THis Week

This week was spent in the full gratitude of the gifts in my life. Not that each week, each moment, isn’t, but there are times when it is overflowing. When I can look at my life, and those in my life, and wonder how so much has unfolded in a most fortunate way. My path wasn’t a clear and informed one, more a bumbling, meandering one loaded with naiveté, where things could’ve gone sideways at several junctures over the years, but somehow I got lucky and landed in the embrace of grace and fulfillment. And most important is the deep thankfulness that those who were subjected to share my bumpy road have excelled, I’m looking at you Z & J, and thrive in spite of the challenges, and who give me my greatest inspiration. I am revelling in their triumphs.

To add to the gifts, I have acquired a dog. A re-homing of my daughter’s one year old boarder collie/blue heeler cross who is named Sequoia, but goes by Squilly. She’s a beauty; gentle and intelligent. My daughter and her husband’s busy life couldn’t give her the attention she needed right now, so she’s come to my little island and made herself quite to home. The timing was perfect, I had begun to look for a four legged addition to our home, and Bob and I had already fallen in love with Squilly from previous visits, and taking her would keep her in the family, so it was a good fit for all concerned.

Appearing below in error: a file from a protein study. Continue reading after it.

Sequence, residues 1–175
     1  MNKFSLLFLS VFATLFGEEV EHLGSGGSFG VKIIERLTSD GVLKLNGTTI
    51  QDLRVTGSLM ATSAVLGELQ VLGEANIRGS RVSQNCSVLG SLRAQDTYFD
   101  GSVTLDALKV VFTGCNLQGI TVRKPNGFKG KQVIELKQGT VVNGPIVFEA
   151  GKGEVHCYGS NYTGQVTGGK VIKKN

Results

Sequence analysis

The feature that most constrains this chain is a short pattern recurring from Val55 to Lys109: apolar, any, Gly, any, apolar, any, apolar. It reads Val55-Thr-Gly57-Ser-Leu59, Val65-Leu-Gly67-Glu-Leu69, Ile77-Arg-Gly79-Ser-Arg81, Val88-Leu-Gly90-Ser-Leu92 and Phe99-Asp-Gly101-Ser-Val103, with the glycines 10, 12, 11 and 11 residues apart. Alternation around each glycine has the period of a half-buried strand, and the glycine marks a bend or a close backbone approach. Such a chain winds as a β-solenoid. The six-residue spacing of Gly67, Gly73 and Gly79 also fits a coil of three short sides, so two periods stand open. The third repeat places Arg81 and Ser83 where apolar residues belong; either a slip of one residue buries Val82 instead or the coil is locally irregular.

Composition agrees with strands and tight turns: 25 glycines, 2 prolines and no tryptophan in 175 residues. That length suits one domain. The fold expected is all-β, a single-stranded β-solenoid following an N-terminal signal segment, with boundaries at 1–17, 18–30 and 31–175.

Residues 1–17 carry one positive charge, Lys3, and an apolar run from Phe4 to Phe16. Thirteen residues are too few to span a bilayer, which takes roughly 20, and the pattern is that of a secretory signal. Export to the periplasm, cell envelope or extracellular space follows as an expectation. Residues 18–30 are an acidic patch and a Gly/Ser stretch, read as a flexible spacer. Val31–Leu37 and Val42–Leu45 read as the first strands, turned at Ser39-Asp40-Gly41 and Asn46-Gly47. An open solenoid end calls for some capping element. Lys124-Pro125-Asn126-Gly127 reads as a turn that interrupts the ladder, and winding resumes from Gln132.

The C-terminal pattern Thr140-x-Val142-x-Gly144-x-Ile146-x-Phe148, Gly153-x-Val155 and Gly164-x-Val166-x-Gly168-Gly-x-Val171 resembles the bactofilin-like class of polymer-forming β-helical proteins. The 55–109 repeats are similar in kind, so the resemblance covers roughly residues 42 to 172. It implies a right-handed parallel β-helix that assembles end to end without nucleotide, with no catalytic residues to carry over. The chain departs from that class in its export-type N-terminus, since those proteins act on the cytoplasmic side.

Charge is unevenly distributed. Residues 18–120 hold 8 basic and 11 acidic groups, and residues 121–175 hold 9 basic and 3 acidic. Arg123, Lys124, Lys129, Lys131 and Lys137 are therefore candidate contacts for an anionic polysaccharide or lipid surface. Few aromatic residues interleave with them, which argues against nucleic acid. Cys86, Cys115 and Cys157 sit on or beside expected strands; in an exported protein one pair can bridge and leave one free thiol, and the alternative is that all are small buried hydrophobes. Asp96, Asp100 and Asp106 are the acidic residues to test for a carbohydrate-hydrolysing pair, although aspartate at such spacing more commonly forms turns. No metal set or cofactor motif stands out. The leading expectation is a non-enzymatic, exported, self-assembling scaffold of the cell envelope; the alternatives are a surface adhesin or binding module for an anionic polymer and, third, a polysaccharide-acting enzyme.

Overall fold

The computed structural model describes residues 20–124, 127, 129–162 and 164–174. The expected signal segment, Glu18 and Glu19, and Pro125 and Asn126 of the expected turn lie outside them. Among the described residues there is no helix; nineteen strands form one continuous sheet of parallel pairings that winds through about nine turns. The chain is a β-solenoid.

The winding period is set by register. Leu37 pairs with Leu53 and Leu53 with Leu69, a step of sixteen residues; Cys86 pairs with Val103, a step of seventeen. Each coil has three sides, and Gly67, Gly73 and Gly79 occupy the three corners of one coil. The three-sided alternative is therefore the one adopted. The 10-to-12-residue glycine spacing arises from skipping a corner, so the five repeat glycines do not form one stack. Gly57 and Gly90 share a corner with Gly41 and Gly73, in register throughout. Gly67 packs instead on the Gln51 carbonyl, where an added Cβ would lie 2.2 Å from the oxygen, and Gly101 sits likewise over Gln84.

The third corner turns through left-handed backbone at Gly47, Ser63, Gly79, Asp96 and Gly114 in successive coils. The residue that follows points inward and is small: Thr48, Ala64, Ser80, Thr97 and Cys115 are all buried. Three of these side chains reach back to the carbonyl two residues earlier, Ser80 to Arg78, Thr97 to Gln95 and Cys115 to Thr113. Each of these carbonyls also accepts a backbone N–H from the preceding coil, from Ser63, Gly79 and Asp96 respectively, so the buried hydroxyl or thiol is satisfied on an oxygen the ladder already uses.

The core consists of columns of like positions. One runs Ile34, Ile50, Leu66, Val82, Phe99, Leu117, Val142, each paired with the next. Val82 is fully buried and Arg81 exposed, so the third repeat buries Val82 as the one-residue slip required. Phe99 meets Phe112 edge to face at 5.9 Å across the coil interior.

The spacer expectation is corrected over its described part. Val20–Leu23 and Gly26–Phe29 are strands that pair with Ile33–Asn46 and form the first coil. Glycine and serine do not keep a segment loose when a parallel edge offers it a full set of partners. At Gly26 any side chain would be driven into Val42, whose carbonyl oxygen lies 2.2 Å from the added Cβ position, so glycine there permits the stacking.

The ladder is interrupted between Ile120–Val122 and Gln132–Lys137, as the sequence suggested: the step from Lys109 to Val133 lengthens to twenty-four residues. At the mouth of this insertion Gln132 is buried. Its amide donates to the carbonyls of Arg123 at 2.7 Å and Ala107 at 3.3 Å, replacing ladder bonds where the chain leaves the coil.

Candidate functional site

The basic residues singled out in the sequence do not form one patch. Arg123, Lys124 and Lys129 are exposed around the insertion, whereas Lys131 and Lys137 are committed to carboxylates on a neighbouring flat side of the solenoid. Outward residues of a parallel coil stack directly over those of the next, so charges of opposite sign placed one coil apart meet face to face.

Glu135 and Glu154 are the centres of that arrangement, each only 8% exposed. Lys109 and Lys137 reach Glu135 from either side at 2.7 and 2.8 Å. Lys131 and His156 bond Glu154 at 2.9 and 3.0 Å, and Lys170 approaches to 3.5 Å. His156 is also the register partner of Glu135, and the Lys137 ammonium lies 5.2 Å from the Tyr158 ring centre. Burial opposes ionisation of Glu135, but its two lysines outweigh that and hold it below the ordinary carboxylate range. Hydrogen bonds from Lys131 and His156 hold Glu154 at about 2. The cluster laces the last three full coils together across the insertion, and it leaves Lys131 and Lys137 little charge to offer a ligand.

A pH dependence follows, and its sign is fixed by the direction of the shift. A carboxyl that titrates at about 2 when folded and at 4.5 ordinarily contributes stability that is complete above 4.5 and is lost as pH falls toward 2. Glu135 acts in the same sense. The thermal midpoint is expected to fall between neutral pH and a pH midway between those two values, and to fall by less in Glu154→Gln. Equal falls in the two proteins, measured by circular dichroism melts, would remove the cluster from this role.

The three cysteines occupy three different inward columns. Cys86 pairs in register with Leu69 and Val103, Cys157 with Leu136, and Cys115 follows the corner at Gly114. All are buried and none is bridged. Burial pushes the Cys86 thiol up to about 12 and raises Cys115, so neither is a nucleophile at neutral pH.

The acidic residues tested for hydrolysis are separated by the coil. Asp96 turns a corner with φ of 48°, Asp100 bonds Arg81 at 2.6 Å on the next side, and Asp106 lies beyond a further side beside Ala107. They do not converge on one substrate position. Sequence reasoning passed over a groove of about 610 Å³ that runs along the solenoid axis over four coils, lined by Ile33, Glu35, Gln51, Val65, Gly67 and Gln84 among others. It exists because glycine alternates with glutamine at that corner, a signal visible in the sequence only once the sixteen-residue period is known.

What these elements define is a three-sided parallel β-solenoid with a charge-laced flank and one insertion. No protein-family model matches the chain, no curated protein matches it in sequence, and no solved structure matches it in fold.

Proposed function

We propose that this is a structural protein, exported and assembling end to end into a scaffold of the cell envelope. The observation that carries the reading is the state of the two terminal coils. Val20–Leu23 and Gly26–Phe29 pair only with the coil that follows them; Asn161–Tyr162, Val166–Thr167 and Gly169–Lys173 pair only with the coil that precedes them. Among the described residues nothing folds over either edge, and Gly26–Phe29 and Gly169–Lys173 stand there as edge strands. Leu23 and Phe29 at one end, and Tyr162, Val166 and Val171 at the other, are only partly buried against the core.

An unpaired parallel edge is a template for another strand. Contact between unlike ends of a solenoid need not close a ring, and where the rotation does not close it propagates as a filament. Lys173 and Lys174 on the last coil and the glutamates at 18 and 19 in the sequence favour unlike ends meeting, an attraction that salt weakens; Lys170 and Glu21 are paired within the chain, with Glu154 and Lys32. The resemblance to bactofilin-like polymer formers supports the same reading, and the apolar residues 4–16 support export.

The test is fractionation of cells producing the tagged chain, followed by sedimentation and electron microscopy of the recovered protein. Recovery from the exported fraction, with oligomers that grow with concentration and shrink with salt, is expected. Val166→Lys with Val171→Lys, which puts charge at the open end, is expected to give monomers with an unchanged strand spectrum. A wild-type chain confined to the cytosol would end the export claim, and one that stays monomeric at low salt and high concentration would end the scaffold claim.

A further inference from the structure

And spring is here with its wind, clouds, sun, rain (all in one day), the promise of growth and abundance and preparing the garden for planting, something I look forward to each year. My mugs are off to the bisque fire, I’ve got a song to nail down, and I’m putting together some ideas to open my studio in May to my neighbourhood, and begin to sell some of my work. This is more an incentive to encourage me to continue to be productive, if at least to fund the material so I can continue my studio work.

Cheers!

A long goodbye

 

One day in the final week before my retirement from my position at the University I took a stroll over to the Fine Arts building on the campus.

It’s been a long time since I visited this department even though it’s a short jaunt up the hill from the culinary department where I work. And it was a bit sentimental because I and this institution have a deeply personal history and I felt like I needed to revisit my “roots” and say goodbye.

My relationship to this campus isn’t only for the duration of my employment here of the last 7 years, but all the way back to 1976 when it was a college. This is where at 18 I began my Fine Arts degree, right here.

I opened the big glass door and stood in the foyer and memories came flooding back. The couch over there against the wall where we took breaks from our painting to have a smoke and talk with the instructor. The studios forested with easels, the smell of acrylics and oils, graphite and charcoal. My fingers stained with whatever medium I had been working with. I walked over to where the printing studio was but it no longer held the big press I had used for Lithographs and the silk screen frames were no longer there, it was now full of what looked like set design maquettes. I entered the vacant sculpture studio and saw that it hasn’t changed at all, the pleasant memory of working with the Lost Wax Method where I made a bronze cast of a bear in a cave, that I still have, and the unpleasant memory of working with resins. Nothing good came from that. I walked across the hall and peered in through the glass window in the door at the ceramics studio full of engaged students talking, laughing or quietly focused on the wheel. It looked just as I had left it. To add, this is where my mom when in her 50’s taught pottery in the evenings to Community Ed students.